The Redensive Epiphanies of Pouty McNavel contains stories and haiku by BFS-nominated Gaie Sebold, *Helen Callaghan, Sumit Dam, Chuck Dreyer, Troy McClure, Sarah Ellender, Melanie Garrett, yours truly, and with photography by the award-winning Gordon Fraser.

Two print editions, an e-book, a launch party to plan. Drop me a line if you want a copy to review. (ebook pref)

More to come. Until then:

Victim or perpetrator, woman and man,
She’s on a journey, he’s on a quest.
Doing what we all do – trying to understand.
It’s just beyond his grasp; she’s knows it’s round the next corner.


* Helen’s thriller, Dear Amy, is published by Penguin this year.

Old Boots Like New

I get a lot of pleasure from refurbishing old things, bringing them back to life and making them usable again. When Gaie told me she was considering throwing away her old white leather boots I wasn’t sure what I could do but wanted to have a go.

JpegThese boots are 1970s vintage. 40 years of life, including the final few spent in that rock-and-roll lifestyle of a fantasy writer, have taken their toll. The white leather was stained and faded, so were the soles, and the black flashing had faded to grey.

The biggest problem was a detached heel on the right boot. Strong latex glue is perfect for leather, but I’d not tried a shoe repair before. A good application, 24 hours to dry with some weight in the boot, and I had a strong repair that survived a short walk.

After cleaning and de-greasing with a leather dye-prep I made a dilute wash of Titanium White acrylic paint, and gave the boots three coats. The sole of the boot in the second picture gives a good idea of how faded and yellowed the boots had become.

JpegThe lovely white boot leather showed up the black leather flashing on the leg, and the trim on the sole, so that needed re-dying and painting too – both with oil-based black leather dye. In the picture the top stripe is redyed, the bottom one is not.




JpegAnd here’s the finished article – spick and span, and gleaming white again. All ready for a few more years wear.


Torosay Castle, and the Cthulhu Tree

Last summer I spent a week with some friends on Mull, a large and beautiful island off the west coast of Scotland. You reach it by ferry from Oban, home of one of my favourite whiskeys.

DSCN4108From Mull you can then take another, smaller ferry to fabled Iona, or an even smaller boat to the mythic Fingal’s cave, on Staffa. (Although there are plenty of pictures in this post these links take you to more.)

Mull’s main town is Tobermory, with its multi-colored buildings along the quay housing some great cafe’s, restaurants and pubs. It’s also the home of another good whisky, though this one is a little too peaty for me.


While we were there I saw a notice in the local village newsletter for an open day of Torosay Castle gardens. Torosay Castle is more of a baronial pile than fortified castle and as it is privately owned open days are rare. We decided to go, and it was indeed a rare treat. There were damp mossy glades, quiet ponds, enormous beds of nasturtiums, statues – and of course the Cthulhu tree.


The gardens had suffered some neglect but there was plenty of work now being done. Neglect in a garden is not always a bad thing. Some plants need a few years, or decades, or even centuries to come into their own and the formal part of the garden was still very lovely.



DSCN4119A really charming surprise was the avenue of statues, including this mysterious gentleman, and a very nice gardener. There was a pregnant lady, a dodgy drunkard, and many more. Whoever made them had a nice sense of humour and great attention to detail.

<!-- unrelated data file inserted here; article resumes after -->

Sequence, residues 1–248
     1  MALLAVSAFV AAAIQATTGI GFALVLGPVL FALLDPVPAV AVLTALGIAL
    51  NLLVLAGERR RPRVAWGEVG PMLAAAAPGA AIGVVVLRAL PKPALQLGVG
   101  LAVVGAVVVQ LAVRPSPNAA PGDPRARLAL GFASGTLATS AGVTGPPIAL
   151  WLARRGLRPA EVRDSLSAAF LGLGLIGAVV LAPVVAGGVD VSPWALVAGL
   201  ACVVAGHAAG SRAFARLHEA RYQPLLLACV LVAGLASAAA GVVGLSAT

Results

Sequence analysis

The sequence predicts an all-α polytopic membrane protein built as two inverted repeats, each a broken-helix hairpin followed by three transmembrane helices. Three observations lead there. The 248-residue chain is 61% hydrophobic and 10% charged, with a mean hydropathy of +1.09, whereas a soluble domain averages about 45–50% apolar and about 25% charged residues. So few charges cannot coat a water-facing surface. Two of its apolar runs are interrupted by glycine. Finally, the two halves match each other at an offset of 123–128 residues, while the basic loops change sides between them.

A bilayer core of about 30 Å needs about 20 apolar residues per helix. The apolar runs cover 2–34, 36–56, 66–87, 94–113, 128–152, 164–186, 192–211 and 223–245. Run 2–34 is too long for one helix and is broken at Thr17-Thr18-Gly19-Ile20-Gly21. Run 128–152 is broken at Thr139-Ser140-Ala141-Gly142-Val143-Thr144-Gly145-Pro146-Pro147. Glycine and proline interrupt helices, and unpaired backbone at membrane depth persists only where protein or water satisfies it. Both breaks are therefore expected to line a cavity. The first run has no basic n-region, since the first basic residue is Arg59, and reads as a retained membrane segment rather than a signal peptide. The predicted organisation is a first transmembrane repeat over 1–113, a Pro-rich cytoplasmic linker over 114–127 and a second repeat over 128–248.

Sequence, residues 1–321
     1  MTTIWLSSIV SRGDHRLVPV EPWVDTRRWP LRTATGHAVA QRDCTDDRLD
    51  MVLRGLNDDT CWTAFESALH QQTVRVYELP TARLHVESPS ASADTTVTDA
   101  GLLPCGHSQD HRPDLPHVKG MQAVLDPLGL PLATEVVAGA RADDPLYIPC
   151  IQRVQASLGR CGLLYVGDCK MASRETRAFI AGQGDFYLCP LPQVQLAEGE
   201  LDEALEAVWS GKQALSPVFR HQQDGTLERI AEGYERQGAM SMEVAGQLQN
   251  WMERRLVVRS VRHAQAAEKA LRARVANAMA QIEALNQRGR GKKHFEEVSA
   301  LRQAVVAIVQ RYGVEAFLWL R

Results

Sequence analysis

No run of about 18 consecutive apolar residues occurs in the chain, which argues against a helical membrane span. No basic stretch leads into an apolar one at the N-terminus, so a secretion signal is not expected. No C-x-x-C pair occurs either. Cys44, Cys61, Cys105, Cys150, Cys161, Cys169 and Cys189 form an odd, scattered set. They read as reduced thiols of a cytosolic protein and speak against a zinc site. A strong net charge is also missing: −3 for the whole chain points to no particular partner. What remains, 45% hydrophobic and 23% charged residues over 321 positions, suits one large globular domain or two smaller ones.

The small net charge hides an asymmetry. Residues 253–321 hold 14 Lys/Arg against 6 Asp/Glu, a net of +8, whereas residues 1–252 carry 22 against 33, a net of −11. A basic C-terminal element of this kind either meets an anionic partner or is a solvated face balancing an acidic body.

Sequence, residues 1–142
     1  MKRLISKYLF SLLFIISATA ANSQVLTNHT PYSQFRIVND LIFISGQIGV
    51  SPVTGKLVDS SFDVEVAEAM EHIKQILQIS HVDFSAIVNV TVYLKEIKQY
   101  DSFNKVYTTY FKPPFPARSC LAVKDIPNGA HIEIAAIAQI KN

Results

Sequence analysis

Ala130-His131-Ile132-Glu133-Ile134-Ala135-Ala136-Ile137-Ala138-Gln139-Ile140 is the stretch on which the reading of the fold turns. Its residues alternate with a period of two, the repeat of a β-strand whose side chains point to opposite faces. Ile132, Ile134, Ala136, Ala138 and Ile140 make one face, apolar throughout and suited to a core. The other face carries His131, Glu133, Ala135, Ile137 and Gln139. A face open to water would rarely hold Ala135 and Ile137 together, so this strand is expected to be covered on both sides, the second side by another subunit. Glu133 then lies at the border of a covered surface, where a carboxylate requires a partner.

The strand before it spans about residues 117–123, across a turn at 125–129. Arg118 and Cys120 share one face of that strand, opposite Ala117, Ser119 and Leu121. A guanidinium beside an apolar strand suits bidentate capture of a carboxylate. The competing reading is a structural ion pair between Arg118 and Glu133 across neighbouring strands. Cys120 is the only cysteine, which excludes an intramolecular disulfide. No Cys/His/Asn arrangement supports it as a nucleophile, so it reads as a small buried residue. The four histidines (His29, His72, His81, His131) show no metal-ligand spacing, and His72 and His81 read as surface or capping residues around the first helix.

DSCN4130There was also a pair of rather dissipated lions. I rather liked them.






DSCN4115And finally – the Cthulhu tree! We found this wood-tentacled monster of a conifer* deep in loneliest part of the garden. This picture gives a good sense of scale. Deep in the silence of the gardens it was a spooky, powerful entity. No doubt many unholy rites and sacrifices have been performed on the blood-drenched soil under these looming branches.

Images of the tree and the diabolic worship I am convinced it must have once inspired (nay, demanded) stayed with me over the next few nights. They inspired some darkly disturbing fever dreams – stories I am unlikely to ever write for the sake of my – and your – sanity.


* As a one-time botanist I’m mildly ashamed to say I don’t know exactly which conifer, but the I was always more interested in ferns than firs and pines. I think it might be a Thuja.

Yes, and the Rituals of Vinyl

Here’s my latest acquisition – £3.00 from Oxfam, and just about perfect condition. An album I have never previously owned. It’s quite nostalgic to flick through the record stacks again, my finger and thumb haven’t forgotten the technique.


I’ve been getting back into my vinyl collection recently, and enjoying rediscovering some music I only have in that format, like the Eurythmics first album, and Tangerine Dream.

I used to buy almost all my records second hand as a poor student back in the ’70s. I picked up some great music, including what is probably my most valuable album – Nick Drake’s Bryter Layter.

When CDs first arrived I loved how I could listen to an album all the way through without having to get up and turn the record over. Some months backup I overheard some younger music lovers talking about how much they liked vinyl, and in particular the ritual elements of playing a record. I was charmed they took so much pleasure in discovering technology I took for granted, That conversation made me that there is a ritual to playing a vinyl record. It also helped me remember how much I liked to hear that first bump and crackle of the needle as it touched down in the play-in groove, the faint echo you sometimes heard of the track to come – and having to get up half way through and turn it over.

I’m enjoying being interrupted again.